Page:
6: MAKING HIS NAME IN EUROPE
– 1996 FORMULA FORD FESTIVAL, Brands Hatch
The Formula Ford Festival at Brands Hatch has lost its luster in recent years, but back in 1996 when Webber won it, it was still a seriously big deal.
In '95, off the back of finishing fourth in the Australian series, which still used the old “Kent” 1600cc unit, he was invited to test a state-of-the-art Zetec-engined machine in the UK. That led to him being invited to race for the works Van Diemen team, run by the legendary Ralph Firman, in that year's Festival. He caused a stir by finishing third, which earned him a full season with Van Diemen (at Knockhill, LEFT). By the end of the '96 season, he was classified second in the points to teammate Kristian Kolby, but in October's FF Festival, Webber was the class of the field in a rain-hit event.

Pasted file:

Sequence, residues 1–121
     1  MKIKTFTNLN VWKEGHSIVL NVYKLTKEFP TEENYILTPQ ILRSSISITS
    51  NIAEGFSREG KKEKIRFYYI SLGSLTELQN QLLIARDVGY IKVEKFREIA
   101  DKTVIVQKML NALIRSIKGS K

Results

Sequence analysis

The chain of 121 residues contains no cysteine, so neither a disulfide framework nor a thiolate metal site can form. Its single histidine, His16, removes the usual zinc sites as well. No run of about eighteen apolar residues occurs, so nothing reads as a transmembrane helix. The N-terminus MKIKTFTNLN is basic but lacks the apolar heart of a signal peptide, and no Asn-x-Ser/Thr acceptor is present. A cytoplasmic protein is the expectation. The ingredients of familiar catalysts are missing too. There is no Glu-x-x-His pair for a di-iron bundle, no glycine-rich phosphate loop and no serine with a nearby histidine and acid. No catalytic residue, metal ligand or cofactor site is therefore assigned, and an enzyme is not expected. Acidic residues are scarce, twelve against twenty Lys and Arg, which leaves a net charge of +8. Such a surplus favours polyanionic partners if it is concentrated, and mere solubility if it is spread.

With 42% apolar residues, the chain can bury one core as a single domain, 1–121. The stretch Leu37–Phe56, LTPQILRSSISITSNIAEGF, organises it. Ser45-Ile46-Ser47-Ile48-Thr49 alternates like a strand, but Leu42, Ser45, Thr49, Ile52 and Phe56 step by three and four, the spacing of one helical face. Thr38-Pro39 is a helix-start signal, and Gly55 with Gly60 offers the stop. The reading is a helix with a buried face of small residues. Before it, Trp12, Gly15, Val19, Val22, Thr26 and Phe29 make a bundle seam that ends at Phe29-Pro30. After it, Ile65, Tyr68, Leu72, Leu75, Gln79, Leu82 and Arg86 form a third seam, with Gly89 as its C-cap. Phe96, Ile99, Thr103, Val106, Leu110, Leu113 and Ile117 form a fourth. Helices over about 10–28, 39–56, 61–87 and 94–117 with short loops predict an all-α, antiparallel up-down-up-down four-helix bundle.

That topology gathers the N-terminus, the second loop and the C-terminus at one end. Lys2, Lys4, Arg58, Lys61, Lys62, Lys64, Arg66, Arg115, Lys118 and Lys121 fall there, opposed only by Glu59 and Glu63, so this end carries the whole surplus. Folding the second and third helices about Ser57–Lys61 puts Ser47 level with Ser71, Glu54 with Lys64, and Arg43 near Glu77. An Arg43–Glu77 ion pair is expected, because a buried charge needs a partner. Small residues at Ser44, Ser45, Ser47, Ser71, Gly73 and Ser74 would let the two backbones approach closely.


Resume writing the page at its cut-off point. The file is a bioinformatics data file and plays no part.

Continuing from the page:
Having won his semi-final, Webber slipped behind Mygale driver Jacky van der Ende off the start. After backing out of one pass at Paddock Hill Bend because of a yellow flag, he dispatched van der Ende the next lap. A red flag led to a restart and a race result that would be calculated on aggregate. Again, Webber lost the lead, this time to future podium-loving but victory-averse IndyCar racer Vitor Meira. Mark bided his time and Vitor overdid it under braking at Druids Hairpin, handing the Australian a clear run to victory.
“Winning the Formula Ford Festival was a pretty big moment,” recalls Webber. “I had finished third there the year before and we were probably the favorite for 1996. Putting the whole weekend together there is quite tricky and there was the red flag in the race so I had to regroup after that.